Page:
FAQ-SNPs missing when called with more samples

Using mpileup called with 2 different samples, Im getting this
particular SNP which has a gd coverage (DP=55) only in one particular
sample. This is good.

However when mpileup was called with 10 samples, the SNP got lost. Im
just trying to figure out if the SNP got 'drowned' out by the other 9
samples which doesnt have the SNP and hence, wasnt called. Is this how
mpileup works

Excellent answer by Heng Li 

With more samples, you gain power on SNPs shared between samples, but lose power on singleton SNPs. Here is a way of thinking of this. Suppose we have 1% false positive rate (FPR) for one sample. If we call SNPs from 10 samples separately and then combine the calls, the FPR would be around 5% (not 10% because more SNPs are found given 10 samples). To retain a low FPR on singletons we have to be more stringent. Nonetheless, with more samples, we can usually get overall better calls than calling SNPs in each sample separately because information between samples is used more effectively.

Thursday, 17 March 2011

Common numbers / statistics for Uniquely mapped reads?

Was asked if there was a commonly reported numbers for
uniquely mapped reads (which is troublesome to define with bowtie)
total mapped reads

Not sure also if the numbers differ for applications
exome reseq

human vs other organisms.
Got this figure from a 2009 paper. Not sure if anyone collates data like this

Sunday, 13 March 2011

Using Galaxy for NGS sample submission and tracking for service providers

Over at the Blue Collar Bioinformatics 
Our group at Massachusetts General Hospital approached these challenges by developing a sample submission and tracking interface on top of the web-based Galaxy data integration platform. It provides a front end for biologists to enter their sample details and monitor the status of a project. For lab technicians doing the sample preparation and sequencing work, the system tracks sample states via a set of progressive queues providing data entry points at each step of the process. On the back end, an automated analysis pipeline processes data as it arrives off the sequencer, uploading the results back into Galaxy.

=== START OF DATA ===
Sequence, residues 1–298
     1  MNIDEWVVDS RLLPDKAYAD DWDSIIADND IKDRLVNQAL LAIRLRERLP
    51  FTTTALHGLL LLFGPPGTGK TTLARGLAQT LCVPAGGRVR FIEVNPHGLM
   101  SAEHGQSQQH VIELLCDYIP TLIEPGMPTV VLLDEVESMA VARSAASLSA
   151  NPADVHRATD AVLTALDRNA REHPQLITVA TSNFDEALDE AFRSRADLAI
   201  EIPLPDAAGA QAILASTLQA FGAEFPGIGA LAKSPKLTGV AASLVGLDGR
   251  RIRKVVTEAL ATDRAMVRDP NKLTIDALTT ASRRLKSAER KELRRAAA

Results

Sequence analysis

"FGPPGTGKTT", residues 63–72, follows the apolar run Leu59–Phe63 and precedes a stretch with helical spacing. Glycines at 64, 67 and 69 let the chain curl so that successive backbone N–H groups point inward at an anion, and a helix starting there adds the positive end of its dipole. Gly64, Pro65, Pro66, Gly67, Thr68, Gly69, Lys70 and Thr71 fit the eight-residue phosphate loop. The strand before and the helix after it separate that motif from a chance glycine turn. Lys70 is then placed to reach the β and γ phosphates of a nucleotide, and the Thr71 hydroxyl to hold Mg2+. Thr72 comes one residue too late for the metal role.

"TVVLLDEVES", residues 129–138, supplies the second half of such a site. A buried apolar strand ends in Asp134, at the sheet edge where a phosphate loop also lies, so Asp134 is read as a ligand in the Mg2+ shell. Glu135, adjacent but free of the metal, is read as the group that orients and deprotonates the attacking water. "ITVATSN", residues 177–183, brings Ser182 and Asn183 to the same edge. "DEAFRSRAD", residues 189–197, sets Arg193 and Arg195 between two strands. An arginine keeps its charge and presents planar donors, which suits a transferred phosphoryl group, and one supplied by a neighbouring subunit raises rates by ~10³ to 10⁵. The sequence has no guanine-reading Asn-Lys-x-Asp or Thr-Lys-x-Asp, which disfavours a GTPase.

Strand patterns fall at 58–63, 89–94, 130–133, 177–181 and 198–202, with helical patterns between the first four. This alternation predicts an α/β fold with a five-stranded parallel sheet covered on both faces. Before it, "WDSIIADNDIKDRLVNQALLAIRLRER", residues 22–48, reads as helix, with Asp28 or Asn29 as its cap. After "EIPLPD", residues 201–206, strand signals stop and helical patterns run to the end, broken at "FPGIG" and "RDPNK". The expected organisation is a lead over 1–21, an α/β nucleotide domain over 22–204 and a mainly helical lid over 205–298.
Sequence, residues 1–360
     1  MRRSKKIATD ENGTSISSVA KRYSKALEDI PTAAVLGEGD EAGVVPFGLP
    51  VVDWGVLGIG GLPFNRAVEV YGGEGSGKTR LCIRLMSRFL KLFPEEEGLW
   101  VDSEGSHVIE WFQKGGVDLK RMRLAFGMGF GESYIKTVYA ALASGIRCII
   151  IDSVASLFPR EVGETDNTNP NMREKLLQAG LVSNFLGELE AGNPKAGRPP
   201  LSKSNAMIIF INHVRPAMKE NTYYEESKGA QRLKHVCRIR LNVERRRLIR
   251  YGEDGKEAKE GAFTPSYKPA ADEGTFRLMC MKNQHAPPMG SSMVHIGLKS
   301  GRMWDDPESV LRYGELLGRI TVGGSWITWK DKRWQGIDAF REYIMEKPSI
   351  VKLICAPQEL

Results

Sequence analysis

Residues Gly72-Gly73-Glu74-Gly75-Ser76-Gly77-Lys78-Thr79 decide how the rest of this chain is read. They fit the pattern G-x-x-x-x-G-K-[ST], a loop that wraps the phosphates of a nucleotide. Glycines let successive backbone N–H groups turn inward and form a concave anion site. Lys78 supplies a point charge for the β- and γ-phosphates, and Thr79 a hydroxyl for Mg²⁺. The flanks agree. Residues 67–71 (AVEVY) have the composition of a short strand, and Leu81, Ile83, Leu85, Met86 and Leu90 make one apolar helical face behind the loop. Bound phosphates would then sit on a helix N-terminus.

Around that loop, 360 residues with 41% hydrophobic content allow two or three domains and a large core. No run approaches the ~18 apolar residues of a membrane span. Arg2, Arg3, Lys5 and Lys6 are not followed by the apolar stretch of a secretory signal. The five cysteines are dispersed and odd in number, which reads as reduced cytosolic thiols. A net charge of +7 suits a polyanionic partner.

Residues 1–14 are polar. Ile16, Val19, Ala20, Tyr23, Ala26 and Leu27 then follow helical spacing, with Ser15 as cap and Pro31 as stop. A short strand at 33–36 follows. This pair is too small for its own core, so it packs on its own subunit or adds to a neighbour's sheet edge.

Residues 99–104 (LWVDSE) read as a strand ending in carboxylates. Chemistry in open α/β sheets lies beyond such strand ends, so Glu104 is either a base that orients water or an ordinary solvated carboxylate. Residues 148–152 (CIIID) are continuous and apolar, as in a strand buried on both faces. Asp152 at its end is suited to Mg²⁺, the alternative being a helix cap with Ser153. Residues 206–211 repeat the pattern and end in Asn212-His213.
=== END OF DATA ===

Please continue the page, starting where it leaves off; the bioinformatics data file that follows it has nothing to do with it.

This post will show videos of the interface in action, describe installation and extension of the system, and detail the implementation architecture.

RNA-seq of a 12GB dataset in less than 7 hours

Folks at CLCbio have updated the CLC Genomics Machine benchmarks with newer datasets and the new hardware configuration. There are two RNA-Seq data sets and a full genome mapping data set, and more will come. All the benchmarks are now using the CLC Genomics Server rather than the Assembly Cell.

script 4 filter to unique FASTQ reads using a bloom-filter in front of a python set

from the hackmap blog 

a simple script that filters to unique FASTQ reads using a bloom-filter in front of a python set. Basically only stuff that is flagged as appearing in the bloom-filter is added to the set. This trades speed--it iterates over the file 3 times--for memory. The amount of memory is tuneable by the specified error-rate. It's not pretty, but it should be simple enough to demonstrate what's going on. It only reads from stdin and writes to stdout, with some information about total reads an number of false positives in the bloom-filter sent to stderr.
usage looks like:

python > in.fastq < out.unique.fastq

Updated overview of NGS and SMS platforms

Range of NGS Applications Rises Quickly